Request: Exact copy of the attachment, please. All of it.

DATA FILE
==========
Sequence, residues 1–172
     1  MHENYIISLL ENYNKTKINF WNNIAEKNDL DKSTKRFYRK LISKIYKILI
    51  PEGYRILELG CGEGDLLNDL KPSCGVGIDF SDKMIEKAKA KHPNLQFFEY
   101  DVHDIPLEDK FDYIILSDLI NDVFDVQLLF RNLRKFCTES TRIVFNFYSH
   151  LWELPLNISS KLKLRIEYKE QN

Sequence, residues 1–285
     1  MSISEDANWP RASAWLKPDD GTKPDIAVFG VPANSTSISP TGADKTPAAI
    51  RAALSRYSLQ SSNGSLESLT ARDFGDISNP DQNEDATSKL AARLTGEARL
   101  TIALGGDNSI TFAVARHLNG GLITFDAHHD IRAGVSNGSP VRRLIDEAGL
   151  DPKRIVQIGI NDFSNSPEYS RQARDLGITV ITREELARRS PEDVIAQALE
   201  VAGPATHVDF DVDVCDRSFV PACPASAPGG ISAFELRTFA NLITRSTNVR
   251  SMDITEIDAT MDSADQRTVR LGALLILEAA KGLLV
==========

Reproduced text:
Sequence, residues 1–172
     1  MHENYIISLL ENYNKTKINF WNNIAEKNDL DKSTKRFYRK LISKIYKILI
    51  PEGYRILELG CGEGDLLNDL KPSCGVGIDF SDKMIEKAKA KHPNLQFFEY
   101  DVHDIPLEDK FDYIILSDLI NDVFDVQLLF RNLRKFCTES TRIVFNFYSH
   151  LWELPLNISS KLKLRIEYKE QN

Sequence, residues 1–285
     1  MSISEDANWP RASAWLKPDD GTKPDIAVFG VPANSTSISP TGADKTPAAI
    51  RAALSRYSLQ SSNGSLESLT ARDFGDISNP DQNEDATSKL AARLTGEARL
   101  TIALGGDNSI TFAVARHLNG GLITFDAHHD IRAGVSNGSP VRRLIDEAGL
   151  DPKRIVQIGI NDFSNSPEYS RQARDLGITV ITREELARRS PEDVIAQALE
   201  VAGPATHVDF DVDVCDRSFV PACPASAPGG ISAFELRTFA NLITRSTNVR
   251  SMDITEIDAT MDSADQRTVR LGALLILEAA KGLLV